reveille, reveille

It’s 4:28 a.m., actually 0428, isn’t it. Every morning about this time -- earlier really, I’ve been up an hour with the first cup of coffee from my magic brewer, which I think I’ll take to it’s already-designated place in the condo today, that’ll help me feel “adjusting” and at home -- I start thinking “what shall I contemplate or remember to blog about?” Though readers may think I write to be read, truthfully, it’s a mental drill not unlike the crossword puzzles that Linda works. Something I read yesterday said working crossword puzzles helps ward off Alzheimer’s, keeping, writing and posting a weblog is my crossword, makes no matter to me whobody reads it. What’s up, then?

The Kaiser-Frazer dealership building has been pulled down, a pile of rubble and something else will go there. Demolition was high time, long overdue, but it happening painted a black spot over memories that stirred every time I rode past there for the past sixty-seven years. 

The 4th Street Bridge across Massalina Bayou, the wooden one was better for memories,

but neither it nor the new one dated 1945 will be in my life this morning because Robert is still sick and we aren’t walking, the best walk being from Cove School down Hamilton or Linda Avenue, round Massalina Bayou, across the bridge, past the court house through McKenzie Park, maybe sit on a park bench for a couple minutes, down to E. Beach Drive and across Tarpon Dock Bridge, left on 2nd Court and back to the cars on Linda Avenue behind Cove School. We haven’t measured the route, but it takes us right at an hour of time and back seventy-two years in time to when we were in second grade, Mrs. Rigell’s class at Cove School. Not this morning, however, so I’ll do time in the exercise room at HV.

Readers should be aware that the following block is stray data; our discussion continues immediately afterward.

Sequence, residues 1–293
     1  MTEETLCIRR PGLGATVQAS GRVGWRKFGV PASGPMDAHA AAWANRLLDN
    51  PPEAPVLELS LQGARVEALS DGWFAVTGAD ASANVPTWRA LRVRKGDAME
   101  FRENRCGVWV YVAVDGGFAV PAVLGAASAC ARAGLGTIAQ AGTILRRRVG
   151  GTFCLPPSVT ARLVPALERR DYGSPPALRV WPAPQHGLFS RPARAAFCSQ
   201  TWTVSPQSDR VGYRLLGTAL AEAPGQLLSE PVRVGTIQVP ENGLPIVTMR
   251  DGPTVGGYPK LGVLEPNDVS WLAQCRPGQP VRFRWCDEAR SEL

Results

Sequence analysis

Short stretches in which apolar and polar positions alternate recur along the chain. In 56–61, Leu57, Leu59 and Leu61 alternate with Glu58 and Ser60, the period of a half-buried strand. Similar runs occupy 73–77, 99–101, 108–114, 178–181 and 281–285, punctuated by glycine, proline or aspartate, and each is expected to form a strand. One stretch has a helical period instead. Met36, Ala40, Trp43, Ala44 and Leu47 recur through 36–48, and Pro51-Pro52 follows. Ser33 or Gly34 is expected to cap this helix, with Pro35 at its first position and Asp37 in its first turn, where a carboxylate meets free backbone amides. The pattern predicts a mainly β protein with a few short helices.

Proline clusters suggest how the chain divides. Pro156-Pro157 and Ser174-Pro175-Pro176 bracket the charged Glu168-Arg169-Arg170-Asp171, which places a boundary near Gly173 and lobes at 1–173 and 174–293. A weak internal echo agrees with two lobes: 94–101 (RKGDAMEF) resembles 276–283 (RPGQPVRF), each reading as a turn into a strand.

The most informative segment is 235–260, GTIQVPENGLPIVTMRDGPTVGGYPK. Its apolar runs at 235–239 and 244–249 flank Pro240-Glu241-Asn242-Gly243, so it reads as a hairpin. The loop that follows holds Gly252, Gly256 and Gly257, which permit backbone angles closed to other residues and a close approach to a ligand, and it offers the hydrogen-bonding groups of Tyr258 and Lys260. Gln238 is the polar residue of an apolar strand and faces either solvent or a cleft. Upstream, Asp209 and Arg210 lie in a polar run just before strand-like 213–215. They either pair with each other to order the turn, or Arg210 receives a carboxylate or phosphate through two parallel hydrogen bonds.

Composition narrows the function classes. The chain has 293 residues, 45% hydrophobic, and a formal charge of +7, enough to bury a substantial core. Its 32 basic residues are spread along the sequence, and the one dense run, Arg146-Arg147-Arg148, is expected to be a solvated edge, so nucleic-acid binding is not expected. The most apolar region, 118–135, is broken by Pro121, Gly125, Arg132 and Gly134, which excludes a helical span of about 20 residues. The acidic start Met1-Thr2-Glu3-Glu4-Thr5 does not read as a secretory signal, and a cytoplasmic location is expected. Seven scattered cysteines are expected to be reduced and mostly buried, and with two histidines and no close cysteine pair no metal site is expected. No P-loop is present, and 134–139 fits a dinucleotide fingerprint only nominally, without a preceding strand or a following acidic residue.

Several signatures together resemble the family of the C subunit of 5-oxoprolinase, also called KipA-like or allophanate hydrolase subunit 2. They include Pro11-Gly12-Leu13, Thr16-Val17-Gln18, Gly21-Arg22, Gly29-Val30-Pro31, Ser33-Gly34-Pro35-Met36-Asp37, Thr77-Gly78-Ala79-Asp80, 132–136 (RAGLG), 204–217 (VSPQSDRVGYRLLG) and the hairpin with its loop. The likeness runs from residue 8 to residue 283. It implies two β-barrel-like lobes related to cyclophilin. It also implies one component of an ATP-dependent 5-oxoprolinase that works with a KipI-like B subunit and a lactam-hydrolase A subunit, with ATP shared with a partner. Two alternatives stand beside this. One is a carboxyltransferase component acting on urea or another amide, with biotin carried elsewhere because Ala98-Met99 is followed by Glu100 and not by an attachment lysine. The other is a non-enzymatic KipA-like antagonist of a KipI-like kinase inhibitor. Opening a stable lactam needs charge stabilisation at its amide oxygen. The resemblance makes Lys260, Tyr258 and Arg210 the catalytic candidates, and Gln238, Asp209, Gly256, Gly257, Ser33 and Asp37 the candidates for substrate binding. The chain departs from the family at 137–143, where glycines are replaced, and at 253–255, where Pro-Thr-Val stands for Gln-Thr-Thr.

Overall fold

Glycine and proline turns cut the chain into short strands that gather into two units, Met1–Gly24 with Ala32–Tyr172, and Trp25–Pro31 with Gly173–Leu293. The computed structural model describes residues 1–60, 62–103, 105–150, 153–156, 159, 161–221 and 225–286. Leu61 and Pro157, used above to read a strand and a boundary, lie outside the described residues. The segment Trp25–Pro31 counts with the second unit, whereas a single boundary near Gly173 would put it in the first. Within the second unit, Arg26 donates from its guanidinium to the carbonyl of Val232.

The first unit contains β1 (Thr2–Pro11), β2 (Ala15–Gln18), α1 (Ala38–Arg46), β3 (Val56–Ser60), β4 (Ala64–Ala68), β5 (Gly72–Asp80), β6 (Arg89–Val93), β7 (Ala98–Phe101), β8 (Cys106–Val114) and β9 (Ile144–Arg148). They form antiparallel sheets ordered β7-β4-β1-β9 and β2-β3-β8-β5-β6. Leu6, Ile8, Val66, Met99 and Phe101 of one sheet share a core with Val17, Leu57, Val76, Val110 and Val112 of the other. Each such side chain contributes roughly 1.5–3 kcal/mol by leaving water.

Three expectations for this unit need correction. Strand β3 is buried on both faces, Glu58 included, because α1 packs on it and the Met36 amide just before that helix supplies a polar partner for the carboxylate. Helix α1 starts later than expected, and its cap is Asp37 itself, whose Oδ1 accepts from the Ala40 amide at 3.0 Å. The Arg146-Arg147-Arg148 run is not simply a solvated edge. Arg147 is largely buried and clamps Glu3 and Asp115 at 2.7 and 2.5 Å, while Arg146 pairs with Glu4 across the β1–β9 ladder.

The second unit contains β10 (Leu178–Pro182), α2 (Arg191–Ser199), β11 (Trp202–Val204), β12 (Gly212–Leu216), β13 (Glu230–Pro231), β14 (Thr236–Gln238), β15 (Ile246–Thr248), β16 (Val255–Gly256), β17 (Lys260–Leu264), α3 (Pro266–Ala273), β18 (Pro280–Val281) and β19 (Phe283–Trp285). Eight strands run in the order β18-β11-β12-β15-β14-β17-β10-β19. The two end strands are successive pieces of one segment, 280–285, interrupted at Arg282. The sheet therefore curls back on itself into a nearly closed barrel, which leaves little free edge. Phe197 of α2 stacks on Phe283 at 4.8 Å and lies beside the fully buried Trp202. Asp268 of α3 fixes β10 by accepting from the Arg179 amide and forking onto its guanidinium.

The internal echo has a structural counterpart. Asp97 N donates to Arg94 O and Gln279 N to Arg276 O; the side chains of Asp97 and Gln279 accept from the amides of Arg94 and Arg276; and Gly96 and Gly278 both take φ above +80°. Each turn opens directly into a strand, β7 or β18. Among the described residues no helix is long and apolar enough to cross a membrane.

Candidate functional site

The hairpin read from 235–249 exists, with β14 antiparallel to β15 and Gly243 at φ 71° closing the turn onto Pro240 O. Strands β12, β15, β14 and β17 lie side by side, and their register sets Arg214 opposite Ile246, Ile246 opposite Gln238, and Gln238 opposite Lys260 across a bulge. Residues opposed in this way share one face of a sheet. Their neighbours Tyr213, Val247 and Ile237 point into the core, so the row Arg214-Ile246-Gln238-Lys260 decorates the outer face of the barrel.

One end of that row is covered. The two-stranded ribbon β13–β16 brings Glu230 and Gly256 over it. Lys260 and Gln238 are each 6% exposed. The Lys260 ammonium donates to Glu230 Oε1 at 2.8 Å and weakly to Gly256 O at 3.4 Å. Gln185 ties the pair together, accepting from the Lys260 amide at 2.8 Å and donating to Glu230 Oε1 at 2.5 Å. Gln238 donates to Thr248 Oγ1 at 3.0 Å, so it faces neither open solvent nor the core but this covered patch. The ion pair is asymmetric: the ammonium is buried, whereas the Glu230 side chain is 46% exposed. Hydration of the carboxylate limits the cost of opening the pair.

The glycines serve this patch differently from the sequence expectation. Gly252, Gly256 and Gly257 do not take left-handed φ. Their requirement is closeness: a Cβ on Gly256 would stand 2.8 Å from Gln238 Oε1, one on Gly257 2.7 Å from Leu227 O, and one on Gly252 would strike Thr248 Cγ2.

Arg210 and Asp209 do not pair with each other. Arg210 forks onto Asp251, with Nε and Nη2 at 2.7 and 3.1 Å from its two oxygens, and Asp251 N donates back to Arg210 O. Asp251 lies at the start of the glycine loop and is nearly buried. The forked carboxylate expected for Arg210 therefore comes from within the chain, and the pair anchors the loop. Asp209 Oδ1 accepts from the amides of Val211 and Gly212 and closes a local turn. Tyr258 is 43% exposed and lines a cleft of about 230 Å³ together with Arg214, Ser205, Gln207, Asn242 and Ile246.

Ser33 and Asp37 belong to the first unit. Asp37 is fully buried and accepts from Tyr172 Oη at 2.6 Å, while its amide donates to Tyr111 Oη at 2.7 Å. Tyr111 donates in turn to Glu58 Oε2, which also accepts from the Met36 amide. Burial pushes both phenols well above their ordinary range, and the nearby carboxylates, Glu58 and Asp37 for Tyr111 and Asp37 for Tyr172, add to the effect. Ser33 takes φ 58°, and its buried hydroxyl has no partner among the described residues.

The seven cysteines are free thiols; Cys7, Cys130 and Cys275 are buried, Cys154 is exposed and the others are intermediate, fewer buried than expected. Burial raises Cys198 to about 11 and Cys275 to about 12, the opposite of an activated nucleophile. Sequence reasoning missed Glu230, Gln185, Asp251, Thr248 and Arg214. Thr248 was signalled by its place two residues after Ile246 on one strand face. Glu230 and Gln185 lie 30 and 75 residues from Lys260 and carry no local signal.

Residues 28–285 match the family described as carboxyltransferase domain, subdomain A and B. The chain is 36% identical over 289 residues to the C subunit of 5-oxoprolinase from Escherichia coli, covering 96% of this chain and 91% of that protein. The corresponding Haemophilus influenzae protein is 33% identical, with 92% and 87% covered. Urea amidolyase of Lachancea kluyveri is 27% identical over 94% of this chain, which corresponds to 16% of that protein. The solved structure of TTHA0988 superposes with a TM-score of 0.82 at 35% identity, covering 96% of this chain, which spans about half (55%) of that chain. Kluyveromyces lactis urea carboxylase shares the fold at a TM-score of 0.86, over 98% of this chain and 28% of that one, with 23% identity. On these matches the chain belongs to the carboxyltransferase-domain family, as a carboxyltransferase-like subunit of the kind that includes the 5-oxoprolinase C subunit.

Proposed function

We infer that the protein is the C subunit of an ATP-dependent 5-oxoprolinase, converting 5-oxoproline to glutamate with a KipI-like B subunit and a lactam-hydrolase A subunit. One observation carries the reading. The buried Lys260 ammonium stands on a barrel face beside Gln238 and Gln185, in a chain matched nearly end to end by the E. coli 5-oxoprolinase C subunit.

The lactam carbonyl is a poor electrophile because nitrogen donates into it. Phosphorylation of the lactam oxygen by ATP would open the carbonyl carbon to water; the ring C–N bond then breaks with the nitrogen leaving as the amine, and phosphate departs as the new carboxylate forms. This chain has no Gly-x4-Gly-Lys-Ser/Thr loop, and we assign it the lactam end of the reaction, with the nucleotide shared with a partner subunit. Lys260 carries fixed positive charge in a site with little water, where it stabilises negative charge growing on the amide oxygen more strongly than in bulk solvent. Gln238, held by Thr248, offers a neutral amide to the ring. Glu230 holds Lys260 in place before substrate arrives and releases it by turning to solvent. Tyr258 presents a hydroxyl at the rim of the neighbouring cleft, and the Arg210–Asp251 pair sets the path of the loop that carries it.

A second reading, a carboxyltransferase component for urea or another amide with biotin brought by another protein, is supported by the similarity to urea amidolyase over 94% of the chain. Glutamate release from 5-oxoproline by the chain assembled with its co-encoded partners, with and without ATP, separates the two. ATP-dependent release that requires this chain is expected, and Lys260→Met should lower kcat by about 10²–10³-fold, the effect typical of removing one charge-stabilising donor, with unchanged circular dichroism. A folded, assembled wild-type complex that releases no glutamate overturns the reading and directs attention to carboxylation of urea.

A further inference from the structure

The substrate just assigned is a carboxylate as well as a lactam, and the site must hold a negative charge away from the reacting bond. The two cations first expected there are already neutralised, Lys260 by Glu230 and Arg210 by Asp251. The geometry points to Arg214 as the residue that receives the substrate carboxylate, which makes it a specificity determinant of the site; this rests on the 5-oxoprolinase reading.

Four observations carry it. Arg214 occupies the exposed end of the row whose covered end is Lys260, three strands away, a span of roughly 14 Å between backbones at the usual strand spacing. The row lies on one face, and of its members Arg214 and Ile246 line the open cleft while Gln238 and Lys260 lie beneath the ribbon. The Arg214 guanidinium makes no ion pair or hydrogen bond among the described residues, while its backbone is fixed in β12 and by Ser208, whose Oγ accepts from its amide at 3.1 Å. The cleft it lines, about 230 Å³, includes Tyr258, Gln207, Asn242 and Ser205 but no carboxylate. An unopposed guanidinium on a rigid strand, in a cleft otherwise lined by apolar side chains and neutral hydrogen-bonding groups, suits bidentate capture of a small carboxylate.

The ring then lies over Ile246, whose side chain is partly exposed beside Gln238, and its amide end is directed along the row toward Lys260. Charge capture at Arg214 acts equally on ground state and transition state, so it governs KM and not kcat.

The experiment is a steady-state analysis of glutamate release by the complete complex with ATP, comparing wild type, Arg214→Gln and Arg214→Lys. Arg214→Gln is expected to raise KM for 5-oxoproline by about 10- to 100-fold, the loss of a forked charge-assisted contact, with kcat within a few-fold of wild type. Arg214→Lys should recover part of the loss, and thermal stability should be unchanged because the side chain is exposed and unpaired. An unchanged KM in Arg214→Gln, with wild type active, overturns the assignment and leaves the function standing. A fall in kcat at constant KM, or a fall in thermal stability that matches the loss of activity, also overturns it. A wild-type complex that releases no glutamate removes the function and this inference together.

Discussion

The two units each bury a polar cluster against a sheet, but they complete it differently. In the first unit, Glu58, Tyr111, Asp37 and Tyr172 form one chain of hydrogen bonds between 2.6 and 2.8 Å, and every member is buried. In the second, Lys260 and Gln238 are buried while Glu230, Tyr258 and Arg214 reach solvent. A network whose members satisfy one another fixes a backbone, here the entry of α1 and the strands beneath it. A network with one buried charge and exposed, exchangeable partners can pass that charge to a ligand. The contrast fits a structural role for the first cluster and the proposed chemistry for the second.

Lacking an essay inspiration, I did the unusual and clicked on gmail to scan NYT or TWP. But an email from a Navy buddy popped up that sent me back fifty-seven years. Not set me back, sent me back. All good.

A recording of Liberty Call being passed over the 1MC in a Navy destroyer. And a reminder of a word being passed that I had forgotten. In a large warship it would be a bugle, but in my destroyer it was the bosun’s pipe, shrill and invasive. twee-eeeee twee-eeee. Reveille, reveille, all hands heave out and trice up. Reveille. If you haven’t been there, your life has been infinitely less than mine was. twee-eeee tweee-eeee, now mess gear, mess gear, clear all mess decks till pipe down. twee-ee twee-eee, sweepers man your brooms. ding ding ding ding ding now this is a drill, this is a drill, general quarters, general quarters, all hands man your battle stations. Life and duty in a destroyer was the best the Navy got for me, so good that it moved me to augment to Regular Navy, 

to the disgust of my roommate, who hated the mid-watch and couldn’t wait to get back to his Russian studies at Harvard.

Would I do it all again? Maybe, if it could all be destroyer duty. For the most part, shore duty sucked, especially as the years went by. I might not do that part of Navy life over again.

So, this morning at sea in a U.S. Navy destroyer, and don't wake me.

 TW somewhere in +Time

Sunday, December 14, 2014

Sunday Salad

47F outside, 69F inside, why does it feel chilly in here even with this heavy blanket over my feet, legs, lap and up to my chin. Sniffles, I hope that doesn’t signify. White cotton blanket, actually a twin bedspread, but folded double for new duty as we no longer have any twin beds in the house. Clearing out, we're down to two kings and one queen. In fact, we're down on everything but chairs, some rooms are totally empty and some rooms even echo. There was a time years ago when this house sat long vacant and empty, the owners living far away. My father would drive by and, seeing the back door standing open, stop and pull it shut. My father never lost his love for this house. Neither will I.   

Okay, now we’ll see a Heisman matchup on New Years Day with Jameis and Mariota. Was Jameis ever this humble and appealing? The new job for Muschamp makes me an Auburn fan. Army Navy signs check it out